Mark’s play had these characteristics of mime:
- non-stock characters (compare comedy, which had stock characters)
- female actors
- no masks
- ordinary language in dialogue (compare Seneca’s elaborate language in his plays)
- humorous characters and situations (prior to Gethsemane)
- a stupid sidekick: Peter “rocky ground”
- likely, improvisation by the protagonist (Jesus actor)
- exaggerated (farcical) villains
- audience interaction
- topical references (to Josephus and Vespasian)
- a raucous melée (the arrest scene). Mime performances ended with a raucous melée. I think there was also one in the ascension scene that (I believe) ended the play.
I see Mark’s play as mime until Gethsemane, then a mini-tragedy. However, the genre of mime was capacious and I also see the entire play as a vaudeville-type mime that incorporated a tragic section.
I think Mark wrote his playscript in several stages. Even believers see the Passion (beginning approximately with the Last Supper) as originally a separate text. Mark could have written this tragedy earlier and adapted it to the story of Jesus. It’s possible that Mark, or another writer, had already constructed from Scripture a ‘Life of Jesus’, for some other purpose, which Mark used/built on to create his play/narrative.
It was worth Mark’s time to rewrite his play as a narrative
In late first-century Rome, writers of full plays had very few opportunities to sell their work: occasional festivals and rare elite private performances.
There was no market for copies of their (new) plays. At best, the authors could stage them again for dinner parties. There were no copyright protections, so playwrights had no incentives to publish their plays, or to rewrite them as narratives and try to sell them.
Probably the inherently ephemeral nature of first-century plays is why we have no other texts that seem to be rewritten plays.
Mark, on the other hand, was a client of the imperial family. Mark could reasonably expect his narrative of the sponsored performance to survive. It was worth his time to write a narrative that also (he hoped) was a candidate for Scripture.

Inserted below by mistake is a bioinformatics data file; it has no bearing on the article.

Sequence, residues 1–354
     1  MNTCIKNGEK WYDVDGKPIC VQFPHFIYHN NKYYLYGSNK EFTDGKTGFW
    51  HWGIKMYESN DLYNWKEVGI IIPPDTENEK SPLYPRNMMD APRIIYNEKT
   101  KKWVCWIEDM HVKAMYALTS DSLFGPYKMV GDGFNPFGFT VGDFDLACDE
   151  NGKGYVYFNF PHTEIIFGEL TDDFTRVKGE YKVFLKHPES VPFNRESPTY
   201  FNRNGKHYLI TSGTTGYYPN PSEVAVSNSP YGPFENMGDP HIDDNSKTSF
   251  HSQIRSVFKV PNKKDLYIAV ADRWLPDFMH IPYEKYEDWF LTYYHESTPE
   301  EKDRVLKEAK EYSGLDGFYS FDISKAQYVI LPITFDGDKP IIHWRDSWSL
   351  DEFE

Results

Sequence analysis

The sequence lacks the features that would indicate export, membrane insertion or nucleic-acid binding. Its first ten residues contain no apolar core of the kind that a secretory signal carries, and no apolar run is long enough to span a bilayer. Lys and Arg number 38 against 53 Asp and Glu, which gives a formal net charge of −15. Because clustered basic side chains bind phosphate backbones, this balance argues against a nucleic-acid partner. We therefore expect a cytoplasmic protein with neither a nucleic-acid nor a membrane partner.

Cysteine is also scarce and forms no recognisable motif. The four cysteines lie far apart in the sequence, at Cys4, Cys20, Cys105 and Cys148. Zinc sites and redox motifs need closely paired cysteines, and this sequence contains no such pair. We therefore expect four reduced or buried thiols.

My theory is unique, comprehensive and plausible
My theory that Mark wrote a play, then a narrative, is unique in that it places Mark in a real time, a real place, with real historical people, with a real motive to write the text we know as the Gospel of Mark. My theory is consistent with what we know about elite entertainment in first-century Rome. My theory is consistent with the lives of Clemens and Flavia Domitilla. My theory is consistent with the history of the Roman congregation (the home of the popes) before and after Mark’s time. My theory explains why the Roman congregation preserved Mark’s text but apparently did not use it as Scripture.
Objections to my scenario
First, I know of no other texts extant from antiquity that seem to be rewritten staged plays. This objection is not decisive, because, as mentioned above, writers had no motivation to transform their plays into narratives. And even if they did, secular works had a very low chance of survival.
Second, plays consist mostly of dialogue. Mark’s text refers to omitted dialogue, but even so, the play looks like it has relatively little dialogue compared to the two extant mime plays from the period. Could Mark have borrowed an action-heavy, dialogue-light dramatic style from mystery dramas? Or did the performance have a lot of improvisation? These questions must remain open for now.
Third, Mark had to be extraordinarily intelligent and skillful to compose two texts at once. He built a play out of Scriptural references, many of which were not salient during performance, or only in the grossest detail, while planning his narrative text. Then he condensed the play and constructed a text in chiasms. But Shakespeare also seems superhuman. Such people do walk among us. Maybe Mark was the Shakespeare of his day.
[version March 19, 2022: added to last paragraph of post; May 13, 2022: minor editing, added Turton link; edited December 22, 2022, January 19, 2023]